Tuesday, August 14, 2007

How easy maintenance will improve performance

[This was originally posted at http://timstall.dotnetdevelopersjournal.com/how_easy_maintenance_will_improve_performance.htm]

We all want our software apps to perform fast, however sometimes we get so obsessed with immediate performance that we neglect the big picture and actually code in a way that degrades performance in the long run. The problem is that optimizing code for performance usually (1) takes more development resources, and (2) makes that code harder to maintain. About the second point - there is often a tradeoff between performance and maintenance: generalized code is easy to maintain, but because it handles all general cases, it is not optimized for speed. For example, it wastes extra resources on tasks that may not be needed for the current case, but are still included so that the code handles the general case.


So, the trap becomes a developer may spend all their resources upfront trying to optimize a specific component. However, if that component isn't truly performance-critical, then they've: (1) spent their resources on a non-critical item such that they have less resources for the really critical ones, and (2) created a maintenance issue that will continually drain their resources away from the components where a little amount of effort could really optimize it.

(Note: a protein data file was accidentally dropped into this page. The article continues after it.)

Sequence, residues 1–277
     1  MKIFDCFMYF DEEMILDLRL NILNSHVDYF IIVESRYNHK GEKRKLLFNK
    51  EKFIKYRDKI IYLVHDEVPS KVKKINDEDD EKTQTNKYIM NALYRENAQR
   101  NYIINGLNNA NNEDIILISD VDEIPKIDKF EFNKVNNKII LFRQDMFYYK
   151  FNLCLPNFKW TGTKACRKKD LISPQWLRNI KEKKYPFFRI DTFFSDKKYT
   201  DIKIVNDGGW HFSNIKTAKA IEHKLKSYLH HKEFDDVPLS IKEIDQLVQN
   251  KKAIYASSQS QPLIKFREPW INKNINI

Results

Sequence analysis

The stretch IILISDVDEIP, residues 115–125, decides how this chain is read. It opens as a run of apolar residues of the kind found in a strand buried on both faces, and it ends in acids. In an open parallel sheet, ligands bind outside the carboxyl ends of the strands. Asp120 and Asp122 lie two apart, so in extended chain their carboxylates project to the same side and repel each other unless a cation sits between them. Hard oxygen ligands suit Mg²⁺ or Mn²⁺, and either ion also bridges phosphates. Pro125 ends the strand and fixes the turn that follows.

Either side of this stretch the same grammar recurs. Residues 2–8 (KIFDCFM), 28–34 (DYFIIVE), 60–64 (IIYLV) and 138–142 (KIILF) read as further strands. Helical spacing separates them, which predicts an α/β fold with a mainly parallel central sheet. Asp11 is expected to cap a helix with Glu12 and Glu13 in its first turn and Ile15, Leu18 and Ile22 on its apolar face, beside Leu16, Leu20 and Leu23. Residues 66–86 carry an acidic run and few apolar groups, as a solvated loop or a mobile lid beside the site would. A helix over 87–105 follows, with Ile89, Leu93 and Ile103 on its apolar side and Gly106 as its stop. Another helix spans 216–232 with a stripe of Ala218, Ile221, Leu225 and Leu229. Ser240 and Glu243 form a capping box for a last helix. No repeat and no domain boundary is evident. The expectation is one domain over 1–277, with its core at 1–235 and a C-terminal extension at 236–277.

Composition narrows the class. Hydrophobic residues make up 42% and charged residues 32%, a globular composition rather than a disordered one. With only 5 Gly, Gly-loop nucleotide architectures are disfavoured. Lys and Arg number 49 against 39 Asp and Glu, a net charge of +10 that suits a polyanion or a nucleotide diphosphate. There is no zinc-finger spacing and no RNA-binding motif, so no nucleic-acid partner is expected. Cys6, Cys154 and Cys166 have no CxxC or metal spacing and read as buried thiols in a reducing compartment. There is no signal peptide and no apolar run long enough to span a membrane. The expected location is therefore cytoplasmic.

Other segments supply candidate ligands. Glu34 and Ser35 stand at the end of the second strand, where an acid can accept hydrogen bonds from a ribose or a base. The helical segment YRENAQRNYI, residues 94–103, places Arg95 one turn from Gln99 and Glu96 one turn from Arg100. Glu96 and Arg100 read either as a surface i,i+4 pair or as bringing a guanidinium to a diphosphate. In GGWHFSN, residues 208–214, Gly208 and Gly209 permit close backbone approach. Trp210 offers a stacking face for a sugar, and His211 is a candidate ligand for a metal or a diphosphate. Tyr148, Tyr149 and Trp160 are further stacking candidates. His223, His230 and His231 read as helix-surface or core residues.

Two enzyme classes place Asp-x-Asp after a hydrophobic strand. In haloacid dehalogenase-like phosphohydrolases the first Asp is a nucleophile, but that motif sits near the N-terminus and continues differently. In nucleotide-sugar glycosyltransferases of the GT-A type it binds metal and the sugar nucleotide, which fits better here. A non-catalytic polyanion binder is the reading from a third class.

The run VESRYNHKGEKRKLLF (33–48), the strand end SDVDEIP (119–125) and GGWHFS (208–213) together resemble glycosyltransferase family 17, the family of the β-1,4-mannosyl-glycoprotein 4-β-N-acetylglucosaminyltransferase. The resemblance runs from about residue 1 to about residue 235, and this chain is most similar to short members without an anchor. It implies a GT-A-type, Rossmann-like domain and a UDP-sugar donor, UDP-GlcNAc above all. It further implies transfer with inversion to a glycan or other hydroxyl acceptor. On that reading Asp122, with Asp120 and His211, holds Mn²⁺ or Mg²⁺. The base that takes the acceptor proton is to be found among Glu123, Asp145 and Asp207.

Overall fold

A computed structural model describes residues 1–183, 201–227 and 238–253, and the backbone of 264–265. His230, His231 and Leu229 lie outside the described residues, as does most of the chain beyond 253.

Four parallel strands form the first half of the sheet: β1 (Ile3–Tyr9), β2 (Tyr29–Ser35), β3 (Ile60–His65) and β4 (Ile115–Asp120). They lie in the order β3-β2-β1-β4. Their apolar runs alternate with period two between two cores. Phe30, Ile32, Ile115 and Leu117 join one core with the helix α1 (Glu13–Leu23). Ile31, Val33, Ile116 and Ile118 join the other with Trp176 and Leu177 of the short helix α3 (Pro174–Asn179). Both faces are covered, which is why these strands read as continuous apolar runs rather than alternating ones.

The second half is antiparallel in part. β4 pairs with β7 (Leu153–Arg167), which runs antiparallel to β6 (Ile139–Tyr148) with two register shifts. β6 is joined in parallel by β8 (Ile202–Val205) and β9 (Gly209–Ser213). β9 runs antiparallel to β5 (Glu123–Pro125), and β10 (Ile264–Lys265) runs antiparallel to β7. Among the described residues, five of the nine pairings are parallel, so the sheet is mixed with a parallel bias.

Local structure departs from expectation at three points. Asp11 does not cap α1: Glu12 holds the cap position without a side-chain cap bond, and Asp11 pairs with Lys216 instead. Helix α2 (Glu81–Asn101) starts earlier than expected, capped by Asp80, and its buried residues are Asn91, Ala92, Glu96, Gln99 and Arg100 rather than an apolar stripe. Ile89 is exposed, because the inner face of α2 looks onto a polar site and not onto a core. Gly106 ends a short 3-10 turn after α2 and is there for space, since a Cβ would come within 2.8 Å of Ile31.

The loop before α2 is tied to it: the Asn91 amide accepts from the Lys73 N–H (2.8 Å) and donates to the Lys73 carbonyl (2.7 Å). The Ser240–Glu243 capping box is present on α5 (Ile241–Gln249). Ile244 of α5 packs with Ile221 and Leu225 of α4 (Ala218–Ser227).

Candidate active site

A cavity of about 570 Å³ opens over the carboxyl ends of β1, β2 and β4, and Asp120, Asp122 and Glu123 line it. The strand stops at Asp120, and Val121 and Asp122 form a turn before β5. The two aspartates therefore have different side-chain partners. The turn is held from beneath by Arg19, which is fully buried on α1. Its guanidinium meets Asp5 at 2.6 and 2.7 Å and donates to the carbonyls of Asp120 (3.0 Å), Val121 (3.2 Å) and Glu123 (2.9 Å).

What this means is that, in the long-haul, writing maintainable code (which may be slightly slower) will actually yield overall performance gain because you'll continually have move resources to address the real performance problems. Functionality trumps performance - if your code functionally doesn't work, you won't care about performance. So if you're continually being distracted to go and fix bugs in old code because it isn't maintainable, you'll likely shift your mindset from "make this work fast" to "just get it to functionally pass". Of course the trap is that a developer starts out with good intentions - "I was just trying to optimize this code".


The optimal approach is to strike a balance between maintainability and performance. Some practical tips:

  • Not all code is equal - obviously code that is frequently called needs much more attention that code that is rarely called.

  • Check where your bottlenecks are. For example, if your database is ground to a halt, and your web servers are relatively free (keep in mind that web servers scale much more easily than database servers), killing yourself to optimize a simple codeBehind page may steal mental resources from optimizing the real issue - a database. Likewise, don't waste time trying to compress all your JavaScript, just to save 5 k of download, if that JavaScript now becomes impossible to debug or maintain.

  • Know what the standard is - Everyone knows that the app should be "fast", but how fast is fast enough? Clich├ęs like "as fast as possible" are what get you into the downward spiral because they encourage you to squander resources on less-important tasks. If you know that given X users, a page should take Y seconds to load, then you can make rational decisions on how to spend your development time wisely.

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